Marsh Warbler

Acrocephalus palustris



The Marsh Warbler appears quite similar to the Reed Warbler, however the former is shorter in the bill and it lacks the Reed Warbler's reddish-tinged rump. The sexes are similar, greyish brown on top and on the rump, and pale underparts that are buffish tinged with yellow. It has a faint supercilium, pinkish legs, a white throat, long, pointed wings and pale tips to the primary flight feathers. Has a slightly greenish tinge in the spring when compared to the Reed Warbler, and the colours fade during summer. Juveniles are similar to adults and closely resemble Reed Warbler juveniles, however the pinkish legs differ from the Reed Warbler's greyish ones. Plumage is generally brighter than in adults birds.


Tends towards abundant plant life with a preference for willowherb, nettle and meadowsweet, when in proximity to willows and bushes. The Marsh Warbler is usually found near to water or on damp locations, and can inhabit headlands, islands and gardens.


A timid bird, though may be braver than the Reed Warbler, opting to sing from more visible perches. Mostly feeds on the ground, moving inconspicuously through thick bushes, holding itself higher upright than the Reed Warbler.


Diet includes beetles, caterpillars, froghoppers, and spiders, and birds may catch insects in flight.


Female lays 4 or 5 eggs and both parents incubate them for 12-14 days. Both parents then tend to the young, which depart the nest at about 10-11 days old, though rely on adults for 15-19 more days.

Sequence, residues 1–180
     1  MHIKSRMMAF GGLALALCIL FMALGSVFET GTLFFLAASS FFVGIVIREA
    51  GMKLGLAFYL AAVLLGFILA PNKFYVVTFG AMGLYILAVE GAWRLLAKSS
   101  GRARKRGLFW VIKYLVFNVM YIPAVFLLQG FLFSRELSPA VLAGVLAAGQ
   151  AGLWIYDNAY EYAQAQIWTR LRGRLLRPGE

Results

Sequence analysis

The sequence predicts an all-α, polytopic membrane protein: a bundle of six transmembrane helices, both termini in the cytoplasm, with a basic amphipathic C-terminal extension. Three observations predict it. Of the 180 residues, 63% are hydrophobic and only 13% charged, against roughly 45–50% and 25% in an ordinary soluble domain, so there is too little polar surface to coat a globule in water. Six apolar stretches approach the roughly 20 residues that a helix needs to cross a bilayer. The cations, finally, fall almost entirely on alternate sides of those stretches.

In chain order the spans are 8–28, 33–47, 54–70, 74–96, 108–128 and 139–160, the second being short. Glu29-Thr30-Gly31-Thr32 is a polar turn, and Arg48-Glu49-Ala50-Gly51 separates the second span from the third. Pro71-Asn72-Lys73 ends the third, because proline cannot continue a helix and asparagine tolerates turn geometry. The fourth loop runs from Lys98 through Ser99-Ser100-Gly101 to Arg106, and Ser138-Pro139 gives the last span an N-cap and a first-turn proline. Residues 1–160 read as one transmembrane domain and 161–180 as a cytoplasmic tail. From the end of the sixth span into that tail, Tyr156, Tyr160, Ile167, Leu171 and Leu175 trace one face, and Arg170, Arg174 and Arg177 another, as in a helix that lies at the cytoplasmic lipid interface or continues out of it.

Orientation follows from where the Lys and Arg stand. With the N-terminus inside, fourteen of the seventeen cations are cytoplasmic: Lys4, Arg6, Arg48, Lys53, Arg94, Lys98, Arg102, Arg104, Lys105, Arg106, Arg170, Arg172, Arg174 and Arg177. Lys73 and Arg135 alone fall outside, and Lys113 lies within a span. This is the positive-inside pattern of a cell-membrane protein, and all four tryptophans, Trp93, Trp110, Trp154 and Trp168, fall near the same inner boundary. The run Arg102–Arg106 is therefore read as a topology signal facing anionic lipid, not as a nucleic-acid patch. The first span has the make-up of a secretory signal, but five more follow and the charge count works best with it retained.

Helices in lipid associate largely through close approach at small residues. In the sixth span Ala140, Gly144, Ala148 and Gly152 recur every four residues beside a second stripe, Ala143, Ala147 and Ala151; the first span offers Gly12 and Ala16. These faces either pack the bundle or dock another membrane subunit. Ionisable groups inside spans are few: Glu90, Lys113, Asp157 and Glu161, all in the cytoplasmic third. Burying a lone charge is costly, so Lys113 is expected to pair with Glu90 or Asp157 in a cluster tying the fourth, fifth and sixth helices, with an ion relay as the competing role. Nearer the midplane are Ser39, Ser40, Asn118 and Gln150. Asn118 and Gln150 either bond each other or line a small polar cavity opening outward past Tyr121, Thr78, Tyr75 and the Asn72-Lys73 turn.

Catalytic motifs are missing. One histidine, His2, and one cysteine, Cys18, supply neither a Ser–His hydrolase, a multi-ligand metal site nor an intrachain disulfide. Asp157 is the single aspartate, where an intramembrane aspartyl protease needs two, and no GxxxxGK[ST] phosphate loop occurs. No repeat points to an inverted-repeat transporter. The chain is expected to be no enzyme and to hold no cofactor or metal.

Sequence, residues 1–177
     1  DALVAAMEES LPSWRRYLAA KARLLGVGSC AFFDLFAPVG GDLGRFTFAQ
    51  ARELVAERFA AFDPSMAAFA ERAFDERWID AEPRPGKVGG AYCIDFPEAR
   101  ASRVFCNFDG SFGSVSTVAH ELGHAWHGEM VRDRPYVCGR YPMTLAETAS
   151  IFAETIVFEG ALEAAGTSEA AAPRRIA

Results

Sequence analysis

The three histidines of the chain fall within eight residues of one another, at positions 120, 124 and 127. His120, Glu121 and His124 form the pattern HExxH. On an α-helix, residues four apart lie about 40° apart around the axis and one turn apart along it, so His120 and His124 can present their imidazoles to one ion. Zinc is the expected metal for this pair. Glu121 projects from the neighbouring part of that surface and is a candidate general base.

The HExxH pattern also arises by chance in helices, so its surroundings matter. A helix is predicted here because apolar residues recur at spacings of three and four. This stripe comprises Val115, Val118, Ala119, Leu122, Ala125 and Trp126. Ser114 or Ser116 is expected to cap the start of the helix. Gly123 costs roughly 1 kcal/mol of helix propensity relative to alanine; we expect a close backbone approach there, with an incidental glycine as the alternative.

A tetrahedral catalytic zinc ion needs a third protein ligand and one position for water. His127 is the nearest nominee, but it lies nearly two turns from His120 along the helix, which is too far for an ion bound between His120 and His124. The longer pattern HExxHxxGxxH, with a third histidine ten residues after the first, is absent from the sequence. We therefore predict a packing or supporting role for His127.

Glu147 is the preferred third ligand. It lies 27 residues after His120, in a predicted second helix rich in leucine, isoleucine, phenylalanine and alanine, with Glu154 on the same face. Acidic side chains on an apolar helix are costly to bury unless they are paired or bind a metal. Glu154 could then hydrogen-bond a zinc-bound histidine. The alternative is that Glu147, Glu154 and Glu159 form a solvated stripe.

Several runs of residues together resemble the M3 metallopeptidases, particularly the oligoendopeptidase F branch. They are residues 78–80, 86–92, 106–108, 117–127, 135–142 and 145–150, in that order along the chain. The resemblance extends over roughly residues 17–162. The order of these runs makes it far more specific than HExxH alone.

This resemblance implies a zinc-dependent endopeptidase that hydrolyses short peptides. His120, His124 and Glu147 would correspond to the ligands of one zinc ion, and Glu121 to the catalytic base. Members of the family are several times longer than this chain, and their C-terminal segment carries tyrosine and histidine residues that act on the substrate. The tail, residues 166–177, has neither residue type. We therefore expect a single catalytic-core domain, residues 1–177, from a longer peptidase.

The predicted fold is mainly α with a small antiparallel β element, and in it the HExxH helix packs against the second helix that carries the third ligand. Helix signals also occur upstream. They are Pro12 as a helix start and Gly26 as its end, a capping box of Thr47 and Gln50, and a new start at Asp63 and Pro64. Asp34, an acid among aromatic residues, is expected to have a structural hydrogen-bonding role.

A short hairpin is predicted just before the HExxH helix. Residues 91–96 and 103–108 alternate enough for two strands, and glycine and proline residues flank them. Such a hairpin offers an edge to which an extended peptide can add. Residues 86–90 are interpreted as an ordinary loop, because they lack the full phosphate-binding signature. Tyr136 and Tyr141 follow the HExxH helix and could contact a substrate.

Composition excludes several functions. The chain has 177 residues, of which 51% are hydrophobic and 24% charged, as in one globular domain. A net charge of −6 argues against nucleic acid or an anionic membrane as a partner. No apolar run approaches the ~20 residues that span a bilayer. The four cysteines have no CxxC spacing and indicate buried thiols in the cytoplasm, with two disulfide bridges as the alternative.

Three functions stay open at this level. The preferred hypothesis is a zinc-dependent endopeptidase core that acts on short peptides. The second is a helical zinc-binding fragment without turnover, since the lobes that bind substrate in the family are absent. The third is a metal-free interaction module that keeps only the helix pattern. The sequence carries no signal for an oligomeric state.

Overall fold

This is a rare visitor in the summer. Most visiting birds arrive in the region at the end of May or early June, and have missed their migration mark on the way from Scandinavia or eastern Europe. Numbers have decreased in the last decades, and now the maximum number of pairs is 10.

Observation Tips

The Marsh Warbler usually stays within habitual territories, despite the abundance of suitable habitat. The southeast of England around May is a favourite area for these birds. A few males may sing on the coast when they first land, however they usually depart the area after a day or two.


Separating the Marsh Warbler's call from that of the Reed Warbler's is the most effective way of identification. The Marsh Warbler is a talented mimic, imitating both European and African species; some of its most common imitations are that of the Swallow, Greenfinch and the Blue Tit. The song includes churring, and a combination of full, melodic phrases, and a more shrill 'tche' call.
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